In contrast to the conservative policies we've seen move in the states over the past two years, 2013 has so far seen at least a handful of states where progressive policies are being introduced and enacted across a range of issue areas. With legislative sessions about midway through, here's a roundup of the policies moving in a couple of those states -- Minnesota and Colorado:
In this week’s Research Roundup: Reports from Demos, Center for American Progress, Institute for Women's Policy Research, Economic Policy Institute, MassPIRG Education Fund, Center for Media and Democracy, and more.
On Friday, the across-the-board cuts of the federal budget sequester started to kick in. While planes have hopefully not fallen out of the sky (yet), as President Obama noted in a press conference on Friday, the pain will be felt incrementally, and it will be real to millions of Americans. What's worse, the self-inflicted damage to the economy predicted to result from the sequester is entirely avoidable, and in fact does little to reduce the deficit. State legislators from 46 states this week urged Congress to avert the sequester and make sure that "significant revenues" were included in any new deal. Here's more on that, and on how the cuts are set to hit the states in the coming weeks:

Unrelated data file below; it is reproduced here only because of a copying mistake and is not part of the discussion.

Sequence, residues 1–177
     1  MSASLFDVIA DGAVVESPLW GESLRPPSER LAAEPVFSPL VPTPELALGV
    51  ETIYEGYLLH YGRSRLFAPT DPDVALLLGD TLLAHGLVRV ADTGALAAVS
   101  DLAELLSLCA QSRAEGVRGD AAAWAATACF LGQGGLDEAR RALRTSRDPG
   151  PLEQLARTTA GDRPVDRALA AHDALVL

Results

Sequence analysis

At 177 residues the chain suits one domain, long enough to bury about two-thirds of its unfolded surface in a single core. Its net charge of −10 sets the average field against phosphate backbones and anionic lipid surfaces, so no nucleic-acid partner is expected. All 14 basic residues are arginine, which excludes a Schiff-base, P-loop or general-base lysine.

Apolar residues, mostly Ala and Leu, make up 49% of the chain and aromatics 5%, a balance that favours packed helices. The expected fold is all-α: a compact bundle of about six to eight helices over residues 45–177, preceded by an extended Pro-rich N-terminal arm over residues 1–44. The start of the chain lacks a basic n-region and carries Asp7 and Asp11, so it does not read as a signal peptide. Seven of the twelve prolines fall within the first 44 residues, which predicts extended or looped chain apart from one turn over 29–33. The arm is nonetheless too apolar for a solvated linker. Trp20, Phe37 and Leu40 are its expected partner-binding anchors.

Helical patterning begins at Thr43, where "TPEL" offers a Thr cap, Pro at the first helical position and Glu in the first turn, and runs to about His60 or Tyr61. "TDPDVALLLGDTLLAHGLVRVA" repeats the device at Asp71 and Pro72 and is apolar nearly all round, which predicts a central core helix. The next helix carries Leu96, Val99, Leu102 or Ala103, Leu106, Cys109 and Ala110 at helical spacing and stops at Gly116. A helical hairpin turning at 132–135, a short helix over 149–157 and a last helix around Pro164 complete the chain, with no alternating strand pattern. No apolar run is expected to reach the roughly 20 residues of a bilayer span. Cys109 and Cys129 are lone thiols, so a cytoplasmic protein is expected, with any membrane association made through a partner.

Last year, the corporate-backed American Legislative Exchange Council (ALEC) came under fire for their support of voter suppression and "shoot first" laws. In response, ALEC claimed they would "redouble their efforts on the economic front" this year. But, in fact, ALEC has long focused on policies that weaken wage standards and otherwise endanger working families — and a new report released this week by the National Employment Law Project (with research support from PSN) shows just how. At the same time, efforts to combat the ALEC economic agenda advanced in states including Maryland and Washington as polls and research continue to show that policies like raising the minimum wage, paid family leave, and paid sick days are popular and good for the economy:
Ninety-eight to zero. That was the vote of the United States Senate in July 2006 in favor of re-authorizing the Voting Rights Act, the landmark civil rights law which this week came under withering — and disturbing — attack from conservative Supreme Court Justices during oral arguments in Shelby Co. v. Holder. At the very same time that Chief Justice Roberts was quoting dubious election statistics and Justice Scalia was claiming the protection of the right to vote was a "racial entitlement," states across the nation continued to press forward with voter suppression measures that underscored the need to continue to protect voting rights for all Americans:
In this week’s Research Roundup: Reports from the Institute on Taxation and Economic Policy, Demos, Pew Charitable Trusts, Center on Budget and Policy Priorities, National Employment Law Project, and the Institute for Local Self-Reliance.
State legislators from 46 states are sending a clear a message to Congress: if the federal budget sequester is allowed to take effect as scheduled later this week, the results would be devastating for state economies.